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Where to start

The best place to start is at Queensland State Archives (QSA).

What can I find at QSA?

At QSA you can find records—such as letters, reports, telegrams, photographs, maps, architectural drawings—created by Queensland public authorities, that is organisations such as government departments, councils, universities, statutory authorities, boards and so on.

Deed polls

We hold deed polls (change-of-name records) that were registered with the Queensland Supreme Court.

What can’t I find at QSA?

QSA doesn’t hold birth, death and marriage certificates—visit the Department of Justice and Attorney-General—and we don’t hold records that weren’t created by Queensland public authorities. So, if you are looking for:

What’s online?

Only 3% of QSA’s collection is available for viewing online.

Use Image Queensland if you want to search only for digitised records (hardcopy records that have been scanned), or see our online exhibitions for images arranged by themes.

What’s not online?

Most of our records are not online. So while you can do preliminary research online, to view an archival record you will most likely need to order a copy or visit us at Runcorn.

What do I need to do before I start?

Gather personal details

If you’re searching for a person, gather as much information as you can about them, such as their:

  • full name
  • date of birth
  • nationality or country of origin
  • date of arrival in Australia
  • places they may have lived, for example their town, county, or parish.

Read more about doing your family history.

Work out the connection with a public authority

To find a record at QSA you need to work out whether a public authority would have created or received a record about the person or topic you’re researching. Try asking these types of questions:

If you’re looking for a person:

  • Was the person ever in court or jail?
  • Did the person leave a will?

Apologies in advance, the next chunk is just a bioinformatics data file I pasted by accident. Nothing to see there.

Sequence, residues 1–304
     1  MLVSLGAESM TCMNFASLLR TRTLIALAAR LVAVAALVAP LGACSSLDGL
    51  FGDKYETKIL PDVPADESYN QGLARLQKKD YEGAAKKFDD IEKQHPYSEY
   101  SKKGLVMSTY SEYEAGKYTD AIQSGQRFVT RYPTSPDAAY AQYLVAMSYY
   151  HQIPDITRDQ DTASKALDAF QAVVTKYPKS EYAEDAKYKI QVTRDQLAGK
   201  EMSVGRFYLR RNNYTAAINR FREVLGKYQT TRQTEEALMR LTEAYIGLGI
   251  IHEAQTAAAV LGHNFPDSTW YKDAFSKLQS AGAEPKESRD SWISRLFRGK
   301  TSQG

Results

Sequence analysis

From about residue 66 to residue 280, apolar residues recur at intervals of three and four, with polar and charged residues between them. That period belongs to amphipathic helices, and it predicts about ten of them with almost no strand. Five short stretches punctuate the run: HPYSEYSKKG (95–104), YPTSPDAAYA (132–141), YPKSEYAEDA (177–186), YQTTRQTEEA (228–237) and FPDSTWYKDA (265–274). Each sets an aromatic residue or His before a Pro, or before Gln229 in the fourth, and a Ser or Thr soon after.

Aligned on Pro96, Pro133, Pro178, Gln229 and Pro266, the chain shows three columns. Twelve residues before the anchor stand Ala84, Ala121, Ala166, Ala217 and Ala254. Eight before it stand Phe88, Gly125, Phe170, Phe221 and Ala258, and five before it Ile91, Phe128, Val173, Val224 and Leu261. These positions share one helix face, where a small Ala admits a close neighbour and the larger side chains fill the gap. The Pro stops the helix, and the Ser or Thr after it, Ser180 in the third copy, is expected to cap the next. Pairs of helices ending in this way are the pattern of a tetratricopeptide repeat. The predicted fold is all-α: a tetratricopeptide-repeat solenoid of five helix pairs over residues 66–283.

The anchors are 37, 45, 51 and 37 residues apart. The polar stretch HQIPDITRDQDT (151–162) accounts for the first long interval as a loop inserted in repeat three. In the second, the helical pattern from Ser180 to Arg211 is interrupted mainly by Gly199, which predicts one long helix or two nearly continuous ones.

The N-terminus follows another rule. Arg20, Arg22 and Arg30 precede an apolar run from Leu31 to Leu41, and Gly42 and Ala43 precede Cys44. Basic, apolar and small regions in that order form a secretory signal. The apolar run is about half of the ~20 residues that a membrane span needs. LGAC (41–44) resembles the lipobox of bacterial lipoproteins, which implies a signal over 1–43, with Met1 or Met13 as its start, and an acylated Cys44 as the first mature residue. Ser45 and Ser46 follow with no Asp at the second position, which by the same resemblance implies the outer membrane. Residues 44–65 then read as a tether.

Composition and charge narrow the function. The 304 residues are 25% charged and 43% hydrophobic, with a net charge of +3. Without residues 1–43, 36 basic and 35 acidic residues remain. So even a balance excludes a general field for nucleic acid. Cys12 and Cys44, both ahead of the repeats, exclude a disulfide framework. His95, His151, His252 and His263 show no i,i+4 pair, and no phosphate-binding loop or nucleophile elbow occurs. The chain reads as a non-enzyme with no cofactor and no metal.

• Did the person attend a state school?

If you’re looking for a business:

  • Is the business or company no longer in existence?

If you’re looking for a house:

  • Was the house a housing commission house or soldier settlement block?

The answers to these questions will help direct your research.

How do I research at QSA?

Do your preliminary research online by searching our records, then explore the collection, where you can:

  • find guides to researching different types of records
  • search indexes—collations of information (usually peoples’ names) from our most popular records
  • search ArchivesSearch—our online catalogue of records.

Archival research can be very time consuming and often involves searching through many records with no certainty that you will find the specific information you’re looking for. While this can be frustrating, it can also be exciting to find information you didn’t know existed.

Record what you find

Always record what you have researched, even if you didn’t find the information you were looking for, as it may save you time later. Establish a system of recording your information. The biggest mistake made by most researchers is not to keep accurate records.

How are archival records arranged?

Archival records are preserved in the original order the government agency put them in. In general, records are not arranged by name, geographical location or very specific subjects. Explore the collection contains indexes of records, most of which can be searched by name.

Can I access all records?

No—some of the records we hold are closed to the public.

The length of time a record is closed is listed under ‘Access Category’ in ArchivesSearch. The closure period begins from the end date of the record. For example, the item below was closed for 15 years from 14 October 1903, so it became open on 14 October 1918.

In some cases you can access closed records. Contact us so we can help you request access from the agency that created the record.

Ordering copies of records

You can order a copy online of a record listed in an index or ArchivesSearch by contacting us.

Contact us

Contact us if you need further help.

Archival research terms

Record – information of permanent and historic value, often in paper-based form (e.g. a letter, photograph, a map), but can also be a CD, a film or a digital file

Item – a single record or many records, e.g. an item may be a single architectural drawing, a 500-page leather-bound book, or a bundle of correspondence (letters, telegrams, reports)

Series – a group of related items created, received, or used in the same activity

Indigenous Australians

Our records contain names and images of Indigenous Australians now deceased. Terms found in the records reflect the period in which they were created. As such, some words and descriptions may be culturally insensitive.

Creative Commons Attribution 3.0 Australia (CC BY 3.0)
Last updated
3 February 2017

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